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17 April 2012updated 07 Sep 2021 11:12am

How London learnt to dress

Forest Hill’s Horniman museum traces the origins of London style.

By Eleanor Hirst

London is a leading fashion capital with arguably the most diverse and eclectic sense of style of any city in the world. The Horniman museum’s new major exhibition, The Body Adorned, explores how this sense of freedom and individuality was born.

The exhibition idisplays a vast array of striking objects from the Horniman’s archives. It opens with a 19th century Papua New Guinean “Ancestor” figure draped in jewellery and flowing grass skirts. The grinning statue sits alongside the figure of Guanyin, a deity of compassion whose lengthened ear lobes and top knot would not look out of place on a Brick Lane art student.  In this, the first section of the exhibition, a wide range of African, Chinese and European folk costumes are featured exploring the relationship between different cultures and the messages they conveyed through their dress. These costumes often reflect social status, gender, warfare, religion, marriage and death, many ideas that are important driving forces behind the way we choose to dress today.

As the exhibition progresses, we get a sense of how, through the mass movement of people through Britain’s colonial expansion and scientific exploration, new objects and ideas and cultural adornments have become integrated into urban trends.  Indeed, today, saris, nail bars, tattoo parlours, distended ears and a range of ‘body mods’ have become an everyday part of the London metropolis.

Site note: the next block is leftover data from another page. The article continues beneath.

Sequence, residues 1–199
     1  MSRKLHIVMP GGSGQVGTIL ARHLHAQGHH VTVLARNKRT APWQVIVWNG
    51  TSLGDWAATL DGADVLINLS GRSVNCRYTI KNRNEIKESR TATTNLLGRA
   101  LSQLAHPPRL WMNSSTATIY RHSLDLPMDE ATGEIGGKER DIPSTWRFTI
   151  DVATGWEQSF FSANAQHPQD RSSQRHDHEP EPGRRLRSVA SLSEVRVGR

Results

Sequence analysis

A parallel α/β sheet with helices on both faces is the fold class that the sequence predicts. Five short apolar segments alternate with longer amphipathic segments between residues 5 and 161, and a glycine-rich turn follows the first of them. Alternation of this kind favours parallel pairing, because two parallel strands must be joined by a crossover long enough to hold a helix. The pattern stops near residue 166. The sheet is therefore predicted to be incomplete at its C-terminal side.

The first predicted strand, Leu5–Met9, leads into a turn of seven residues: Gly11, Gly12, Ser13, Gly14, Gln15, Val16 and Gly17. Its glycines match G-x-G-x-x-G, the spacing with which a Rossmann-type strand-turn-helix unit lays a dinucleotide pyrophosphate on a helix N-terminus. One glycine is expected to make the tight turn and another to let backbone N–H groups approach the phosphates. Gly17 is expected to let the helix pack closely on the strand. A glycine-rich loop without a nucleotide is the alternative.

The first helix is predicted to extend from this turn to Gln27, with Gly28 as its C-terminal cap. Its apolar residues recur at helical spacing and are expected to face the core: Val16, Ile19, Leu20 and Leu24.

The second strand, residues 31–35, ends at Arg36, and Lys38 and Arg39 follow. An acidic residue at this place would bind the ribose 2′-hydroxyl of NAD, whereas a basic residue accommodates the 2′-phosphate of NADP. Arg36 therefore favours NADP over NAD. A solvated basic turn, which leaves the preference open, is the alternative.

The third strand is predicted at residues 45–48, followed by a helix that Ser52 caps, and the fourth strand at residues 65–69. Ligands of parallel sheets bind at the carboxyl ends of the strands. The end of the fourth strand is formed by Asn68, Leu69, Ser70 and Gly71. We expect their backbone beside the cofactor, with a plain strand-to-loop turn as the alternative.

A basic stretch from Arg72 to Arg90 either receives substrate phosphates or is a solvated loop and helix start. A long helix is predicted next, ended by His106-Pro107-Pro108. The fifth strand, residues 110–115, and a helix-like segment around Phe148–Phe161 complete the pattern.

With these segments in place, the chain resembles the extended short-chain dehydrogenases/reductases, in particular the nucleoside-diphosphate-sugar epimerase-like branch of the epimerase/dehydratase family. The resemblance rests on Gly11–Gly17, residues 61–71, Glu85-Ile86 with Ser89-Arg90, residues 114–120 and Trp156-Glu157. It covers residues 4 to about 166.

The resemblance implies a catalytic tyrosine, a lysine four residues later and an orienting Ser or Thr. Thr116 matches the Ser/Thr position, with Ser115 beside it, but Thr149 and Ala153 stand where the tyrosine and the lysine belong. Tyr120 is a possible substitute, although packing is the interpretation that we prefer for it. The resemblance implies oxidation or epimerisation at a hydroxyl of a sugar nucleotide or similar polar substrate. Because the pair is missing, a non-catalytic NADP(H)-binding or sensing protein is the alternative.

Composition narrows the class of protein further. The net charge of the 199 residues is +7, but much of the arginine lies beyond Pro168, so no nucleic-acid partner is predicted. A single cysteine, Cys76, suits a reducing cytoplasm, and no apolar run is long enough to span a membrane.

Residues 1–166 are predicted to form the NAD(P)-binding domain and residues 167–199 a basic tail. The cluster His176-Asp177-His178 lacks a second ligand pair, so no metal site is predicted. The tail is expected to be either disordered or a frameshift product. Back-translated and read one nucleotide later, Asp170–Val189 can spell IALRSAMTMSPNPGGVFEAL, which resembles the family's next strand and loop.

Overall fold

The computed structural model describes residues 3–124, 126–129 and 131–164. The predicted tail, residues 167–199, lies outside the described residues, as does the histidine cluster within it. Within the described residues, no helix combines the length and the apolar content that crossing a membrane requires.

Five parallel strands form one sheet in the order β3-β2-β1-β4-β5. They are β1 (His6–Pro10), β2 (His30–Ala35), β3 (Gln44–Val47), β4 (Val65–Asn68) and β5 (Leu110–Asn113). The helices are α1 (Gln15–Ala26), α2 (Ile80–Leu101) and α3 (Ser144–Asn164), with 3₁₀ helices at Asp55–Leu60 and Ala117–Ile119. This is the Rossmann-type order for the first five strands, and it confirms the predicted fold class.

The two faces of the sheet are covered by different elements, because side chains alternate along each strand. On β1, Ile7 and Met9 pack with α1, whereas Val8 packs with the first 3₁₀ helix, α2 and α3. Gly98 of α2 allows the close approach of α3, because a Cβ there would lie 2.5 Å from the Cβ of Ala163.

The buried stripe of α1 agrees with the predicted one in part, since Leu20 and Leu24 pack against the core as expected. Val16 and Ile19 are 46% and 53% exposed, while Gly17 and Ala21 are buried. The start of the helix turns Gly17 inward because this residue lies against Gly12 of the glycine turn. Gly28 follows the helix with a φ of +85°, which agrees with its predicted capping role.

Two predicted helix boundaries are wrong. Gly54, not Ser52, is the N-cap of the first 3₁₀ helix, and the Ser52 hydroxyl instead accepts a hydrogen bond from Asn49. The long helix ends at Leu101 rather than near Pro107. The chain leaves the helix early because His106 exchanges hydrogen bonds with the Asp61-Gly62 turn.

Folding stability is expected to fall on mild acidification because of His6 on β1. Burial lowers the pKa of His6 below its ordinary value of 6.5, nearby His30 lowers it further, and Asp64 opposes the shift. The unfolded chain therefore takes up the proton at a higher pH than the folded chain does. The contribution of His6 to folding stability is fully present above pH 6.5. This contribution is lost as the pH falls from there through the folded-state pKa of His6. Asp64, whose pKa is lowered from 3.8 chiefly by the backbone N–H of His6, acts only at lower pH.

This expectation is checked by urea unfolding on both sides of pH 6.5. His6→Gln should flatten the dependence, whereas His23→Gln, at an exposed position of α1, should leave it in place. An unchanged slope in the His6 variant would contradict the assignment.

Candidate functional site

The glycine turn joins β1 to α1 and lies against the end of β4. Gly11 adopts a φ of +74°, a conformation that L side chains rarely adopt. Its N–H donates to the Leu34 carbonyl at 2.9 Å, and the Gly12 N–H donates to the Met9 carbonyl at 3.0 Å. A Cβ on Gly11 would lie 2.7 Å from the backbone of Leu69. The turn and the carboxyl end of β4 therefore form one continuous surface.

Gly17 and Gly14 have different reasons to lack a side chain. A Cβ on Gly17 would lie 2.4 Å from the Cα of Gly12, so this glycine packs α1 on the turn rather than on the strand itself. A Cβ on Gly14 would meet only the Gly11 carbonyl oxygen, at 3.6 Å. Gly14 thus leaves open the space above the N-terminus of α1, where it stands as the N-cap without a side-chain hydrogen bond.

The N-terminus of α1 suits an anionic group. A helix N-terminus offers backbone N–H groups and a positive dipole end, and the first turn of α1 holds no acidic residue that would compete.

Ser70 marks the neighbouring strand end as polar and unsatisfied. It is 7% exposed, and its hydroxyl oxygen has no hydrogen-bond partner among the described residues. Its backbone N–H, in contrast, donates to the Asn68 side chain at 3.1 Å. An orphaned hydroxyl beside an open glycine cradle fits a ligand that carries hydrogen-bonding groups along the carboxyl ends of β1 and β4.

Turning to the present day, interviews with a diverse selection of Londoner’s play out. “Everything is accepted in London”, one woman muses. Another agrees, “I like London, it makes you feel free”. There is an inescapable sense of pride in the way people talk about their dress, “we don’t have money but we still want to look nice,” says a teenager, a thick gold chain round his neck. However, these interviews also betray the way in which the city creates a certain sense of anxiety within its habitants, “I’m not part of what’s going on in the buildings,” says an old woman, “but I can’t go round the city looking scruffy”. There is an illuminating quote from a homeless man wherein he describes “wearing what he can get his hands on”. Tellingly, one man says of another, “he looks like a lay-about”, reflecting the inescapable judgments made on the basis of appearance.

By the end of the exhibition, the viewer has been offered an overview of a range of cultural ideas and practices that have formed the way in which Londoners dress their bodies. Yet, there are some striking omissions. The Body Adorned entirely ignores the influence of the British fashion industry, popular culture and English heritage. There is no mention of the high-street or the influence of celebrities, who have an undeniably far-reaching effect on the clothing choices of young Londoners. Moreover, the more interesting aspects of the exhibition are skimmed over; the relationship between contemporary fashion and religion, the power of advertising, the lure of brands. Opening not long after the London riots, which saw hundreds of young people looting trainers from sports shops, it would, perhaps, have been interesting to reflect on the economic gap between London’s richest and poorest inhabitants. The riots were telling of the high emotions garnered through those who aspire to a certain social status, which often centers around appearance, that will, for the mjority, remain out of their reach, and the effect that this has on their relationship with the city.

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The Body Adorned is on display until January 6.